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Wireless World: Mesh network mainstreaming

By
GENE J. KOPROWSKI, UPI Science News

CHICAGO, Nov. 26 (UPI) -- A light goes out on a desolate street corner in Los Angeles -- one of 240,000 streetlights in that city. For decades, the only way city bureaucrats learned the bulbs were burned out was when they received a call -- some 500 a week on average -- from panicked consumers telling them there was an outage.

No longer. A new wireless mesh network, linking the lights to computer servers, notifies managers at the city's bureau of street lights that a lamp went out on North Broadway or North San Fernando.

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"An employee at his or her desktop can monitor and control the system," said Dave Schuellerman, a spokesman for General Electric's consumer and industrial products division.

"It helps to make the maintenance and repair operations more efficient and it improves a city's ability to keep more lights on more of the time -- a factor that can make people and businesses feel more secure," he told UPI's Wireless World.

Technology companies from GE to Motorola are making mobile communications seamless across cities. Hot spots for wireless-fidelity networks are being transformed into hot zones covering entire metro areas. That is leading to the rollout of scalable broadband wireless networks. In the coming years, the trends could mean many major metropolitan areas will have wireless mesh networks that deliver not only data, but also video, voice and location monitoring services over the Internet.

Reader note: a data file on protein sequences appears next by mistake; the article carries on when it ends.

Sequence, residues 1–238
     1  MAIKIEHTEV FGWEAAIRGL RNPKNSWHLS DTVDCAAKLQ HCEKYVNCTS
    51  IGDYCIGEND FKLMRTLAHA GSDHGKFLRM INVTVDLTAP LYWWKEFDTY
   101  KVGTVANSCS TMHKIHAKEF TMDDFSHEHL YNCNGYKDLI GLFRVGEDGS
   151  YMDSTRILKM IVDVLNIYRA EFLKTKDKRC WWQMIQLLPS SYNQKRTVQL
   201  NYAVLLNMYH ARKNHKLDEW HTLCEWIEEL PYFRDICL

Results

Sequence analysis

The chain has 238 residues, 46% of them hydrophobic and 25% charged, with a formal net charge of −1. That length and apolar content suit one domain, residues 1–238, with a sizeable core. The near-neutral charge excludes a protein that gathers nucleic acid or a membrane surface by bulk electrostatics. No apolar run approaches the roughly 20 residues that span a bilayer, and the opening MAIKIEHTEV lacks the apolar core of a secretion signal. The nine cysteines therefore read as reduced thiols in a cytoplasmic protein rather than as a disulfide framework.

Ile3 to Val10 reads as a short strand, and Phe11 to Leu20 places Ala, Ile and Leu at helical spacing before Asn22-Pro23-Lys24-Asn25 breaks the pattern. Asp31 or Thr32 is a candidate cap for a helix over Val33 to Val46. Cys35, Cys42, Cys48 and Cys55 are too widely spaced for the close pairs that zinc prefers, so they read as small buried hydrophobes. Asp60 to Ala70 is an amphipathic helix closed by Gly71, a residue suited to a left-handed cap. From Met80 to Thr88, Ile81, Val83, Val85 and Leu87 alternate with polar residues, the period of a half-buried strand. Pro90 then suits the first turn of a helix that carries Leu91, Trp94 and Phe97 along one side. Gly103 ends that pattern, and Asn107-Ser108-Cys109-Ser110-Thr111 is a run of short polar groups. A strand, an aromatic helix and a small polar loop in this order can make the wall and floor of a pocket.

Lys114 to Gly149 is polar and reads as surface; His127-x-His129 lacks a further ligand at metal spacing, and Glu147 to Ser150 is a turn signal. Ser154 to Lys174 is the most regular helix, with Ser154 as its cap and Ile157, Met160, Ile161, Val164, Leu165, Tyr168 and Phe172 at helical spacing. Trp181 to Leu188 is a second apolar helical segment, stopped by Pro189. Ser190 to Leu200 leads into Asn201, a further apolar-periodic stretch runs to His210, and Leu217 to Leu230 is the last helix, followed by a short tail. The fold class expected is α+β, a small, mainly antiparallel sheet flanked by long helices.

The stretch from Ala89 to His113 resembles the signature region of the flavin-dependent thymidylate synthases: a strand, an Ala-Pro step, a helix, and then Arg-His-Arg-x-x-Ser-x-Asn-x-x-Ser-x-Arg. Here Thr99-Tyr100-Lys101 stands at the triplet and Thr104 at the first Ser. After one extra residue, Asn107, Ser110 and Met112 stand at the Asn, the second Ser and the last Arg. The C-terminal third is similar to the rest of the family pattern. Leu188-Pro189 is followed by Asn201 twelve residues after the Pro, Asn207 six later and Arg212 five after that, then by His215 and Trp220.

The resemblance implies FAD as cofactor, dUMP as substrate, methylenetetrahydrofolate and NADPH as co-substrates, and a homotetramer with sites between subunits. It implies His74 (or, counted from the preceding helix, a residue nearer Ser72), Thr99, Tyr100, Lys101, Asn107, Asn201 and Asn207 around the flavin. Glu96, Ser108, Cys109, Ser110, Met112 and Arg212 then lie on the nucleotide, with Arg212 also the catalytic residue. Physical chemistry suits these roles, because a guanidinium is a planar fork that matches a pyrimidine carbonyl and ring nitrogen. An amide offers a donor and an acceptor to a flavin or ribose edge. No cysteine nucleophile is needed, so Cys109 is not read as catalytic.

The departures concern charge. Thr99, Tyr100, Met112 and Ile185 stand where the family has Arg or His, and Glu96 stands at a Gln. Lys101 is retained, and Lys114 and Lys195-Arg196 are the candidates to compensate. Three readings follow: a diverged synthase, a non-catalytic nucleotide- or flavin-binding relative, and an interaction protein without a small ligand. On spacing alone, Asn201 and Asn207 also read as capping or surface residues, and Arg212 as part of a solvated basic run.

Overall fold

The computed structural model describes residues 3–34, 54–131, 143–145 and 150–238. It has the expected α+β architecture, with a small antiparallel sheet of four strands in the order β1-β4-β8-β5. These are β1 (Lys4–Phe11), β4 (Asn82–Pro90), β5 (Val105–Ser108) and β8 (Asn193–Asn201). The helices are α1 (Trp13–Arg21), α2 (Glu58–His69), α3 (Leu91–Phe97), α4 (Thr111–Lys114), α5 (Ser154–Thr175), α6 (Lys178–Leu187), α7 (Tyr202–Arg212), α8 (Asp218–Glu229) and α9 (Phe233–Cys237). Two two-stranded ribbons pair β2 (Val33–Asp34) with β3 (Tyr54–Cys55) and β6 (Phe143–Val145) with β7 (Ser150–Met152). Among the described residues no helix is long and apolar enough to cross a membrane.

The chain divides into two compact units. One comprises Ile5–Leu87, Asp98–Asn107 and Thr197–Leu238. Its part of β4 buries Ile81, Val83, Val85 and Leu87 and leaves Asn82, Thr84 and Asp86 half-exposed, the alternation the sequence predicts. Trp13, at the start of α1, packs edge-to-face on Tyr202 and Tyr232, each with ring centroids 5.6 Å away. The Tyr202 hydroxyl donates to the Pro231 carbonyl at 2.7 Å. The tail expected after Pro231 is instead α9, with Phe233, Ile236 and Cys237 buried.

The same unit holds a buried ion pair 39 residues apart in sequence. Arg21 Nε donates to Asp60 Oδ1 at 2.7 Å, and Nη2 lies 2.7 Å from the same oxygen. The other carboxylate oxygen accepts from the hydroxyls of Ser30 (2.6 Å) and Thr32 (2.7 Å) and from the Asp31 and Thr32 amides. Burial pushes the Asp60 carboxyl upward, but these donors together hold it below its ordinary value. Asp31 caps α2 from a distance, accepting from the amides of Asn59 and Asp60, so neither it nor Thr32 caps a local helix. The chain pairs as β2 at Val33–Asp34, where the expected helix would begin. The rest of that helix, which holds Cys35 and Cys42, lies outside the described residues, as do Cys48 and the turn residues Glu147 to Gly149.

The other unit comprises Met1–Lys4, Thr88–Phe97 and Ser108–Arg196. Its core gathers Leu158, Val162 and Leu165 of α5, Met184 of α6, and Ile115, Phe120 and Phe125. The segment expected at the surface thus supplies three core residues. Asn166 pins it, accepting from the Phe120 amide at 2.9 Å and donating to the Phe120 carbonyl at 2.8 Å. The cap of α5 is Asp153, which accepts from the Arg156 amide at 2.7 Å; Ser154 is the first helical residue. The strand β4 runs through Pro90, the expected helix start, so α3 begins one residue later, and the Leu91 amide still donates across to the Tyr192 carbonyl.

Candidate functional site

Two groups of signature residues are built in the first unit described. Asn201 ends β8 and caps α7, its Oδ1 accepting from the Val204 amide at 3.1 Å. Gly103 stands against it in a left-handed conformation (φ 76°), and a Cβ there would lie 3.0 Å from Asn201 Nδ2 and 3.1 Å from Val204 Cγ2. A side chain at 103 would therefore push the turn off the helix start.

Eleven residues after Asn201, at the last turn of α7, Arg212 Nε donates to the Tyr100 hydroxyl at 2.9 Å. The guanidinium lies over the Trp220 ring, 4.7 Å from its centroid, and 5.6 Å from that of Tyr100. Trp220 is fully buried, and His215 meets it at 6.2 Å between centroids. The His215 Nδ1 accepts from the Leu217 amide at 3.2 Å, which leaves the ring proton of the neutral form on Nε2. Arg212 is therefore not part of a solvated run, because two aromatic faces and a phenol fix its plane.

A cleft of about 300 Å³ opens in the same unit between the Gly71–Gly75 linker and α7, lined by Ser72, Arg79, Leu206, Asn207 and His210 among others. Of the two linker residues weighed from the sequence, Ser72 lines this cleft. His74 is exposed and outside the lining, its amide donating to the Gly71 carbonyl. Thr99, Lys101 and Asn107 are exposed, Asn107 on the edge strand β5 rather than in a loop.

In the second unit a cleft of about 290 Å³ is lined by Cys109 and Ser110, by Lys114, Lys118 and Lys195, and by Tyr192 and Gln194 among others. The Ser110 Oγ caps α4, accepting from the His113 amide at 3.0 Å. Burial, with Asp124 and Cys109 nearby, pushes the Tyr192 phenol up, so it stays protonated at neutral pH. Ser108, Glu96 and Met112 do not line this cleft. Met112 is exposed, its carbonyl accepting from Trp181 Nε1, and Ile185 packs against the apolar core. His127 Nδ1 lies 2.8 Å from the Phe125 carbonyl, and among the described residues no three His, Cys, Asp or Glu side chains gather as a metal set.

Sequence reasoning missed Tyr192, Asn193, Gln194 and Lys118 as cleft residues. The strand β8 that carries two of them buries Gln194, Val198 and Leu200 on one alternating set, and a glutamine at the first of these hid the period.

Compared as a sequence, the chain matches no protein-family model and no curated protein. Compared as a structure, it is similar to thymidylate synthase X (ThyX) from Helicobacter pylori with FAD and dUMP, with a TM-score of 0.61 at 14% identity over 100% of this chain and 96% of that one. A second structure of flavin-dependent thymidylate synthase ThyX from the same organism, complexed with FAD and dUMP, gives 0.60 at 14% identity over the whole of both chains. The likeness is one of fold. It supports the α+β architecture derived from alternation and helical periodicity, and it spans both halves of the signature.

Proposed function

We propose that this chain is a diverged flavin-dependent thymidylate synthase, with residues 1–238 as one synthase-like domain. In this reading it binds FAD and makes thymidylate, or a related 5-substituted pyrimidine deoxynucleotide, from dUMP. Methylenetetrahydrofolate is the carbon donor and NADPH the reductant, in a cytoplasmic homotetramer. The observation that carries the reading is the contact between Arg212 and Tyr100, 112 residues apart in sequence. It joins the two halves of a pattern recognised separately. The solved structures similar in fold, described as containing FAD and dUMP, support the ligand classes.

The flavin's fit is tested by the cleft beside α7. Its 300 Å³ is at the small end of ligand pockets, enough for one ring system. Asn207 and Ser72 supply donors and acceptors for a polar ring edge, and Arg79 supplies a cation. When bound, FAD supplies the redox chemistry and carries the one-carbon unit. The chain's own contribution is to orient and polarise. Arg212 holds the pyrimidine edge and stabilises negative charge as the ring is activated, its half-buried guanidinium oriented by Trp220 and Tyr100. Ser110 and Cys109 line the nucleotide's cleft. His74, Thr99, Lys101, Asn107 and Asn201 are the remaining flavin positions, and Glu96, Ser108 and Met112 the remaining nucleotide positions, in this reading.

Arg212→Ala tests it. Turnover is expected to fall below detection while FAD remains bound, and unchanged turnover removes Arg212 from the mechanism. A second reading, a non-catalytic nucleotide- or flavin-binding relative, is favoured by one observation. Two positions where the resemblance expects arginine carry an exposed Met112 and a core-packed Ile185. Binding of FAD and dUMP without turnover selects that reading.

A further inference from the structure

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The networks -- which originally were developed for military applications -- use a combination of technologies, such as WiFi and 802.11 a, b, or g, among others, to link wide areas wirelessly. The technology enables an ad-hoc approach to network development, utilizing older applications that already are in place, with newer ones that have just been developed.

Cory Edwards, a spokesman for Strix Systems in Westlake Village, Calif., a leading player in the nascent mesh networking business, told Wireless World these technologies are combined to create a "backbone" of mobile service. This is somewhat akin to the fiber-optic backbone that fueled the rise of the Internet during the 1990s.

Consumers and investors are increasingly eyeing mesh networks, not just for metropolitan-size networks, but for those inside corporations and even private homes. Just last week, Motorola Corp. disclosed it had reached a deal to acquire a smaller firm, MeshNetworks Inc. of Orlando, Fla., a developer of mobile mesh networking and position-location technologies. The deal, executives said, will help make mesh technology available to a wider audience.

"This acquisition will provide Motorola with technologies that will have a significant benefit for customers across all of our businesses, ranging from mission-critical and enterprise markets to automotive and home-entertainment applications," said Greg Brown, president of Motorola's commercial, government and industrial solutions division, in a statement.

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The technology built by MeshNetworks is called QDMA. Developed initially for municipal and emergency services networks, it operates on the 2.4-gigahertz radio spectrum and can transmit data wirelessly to vehicles being driven at speeds up to 190 miles an hour. WiFi, by comparison, can transmit data only to vehicles moving at about 30 miles per hour.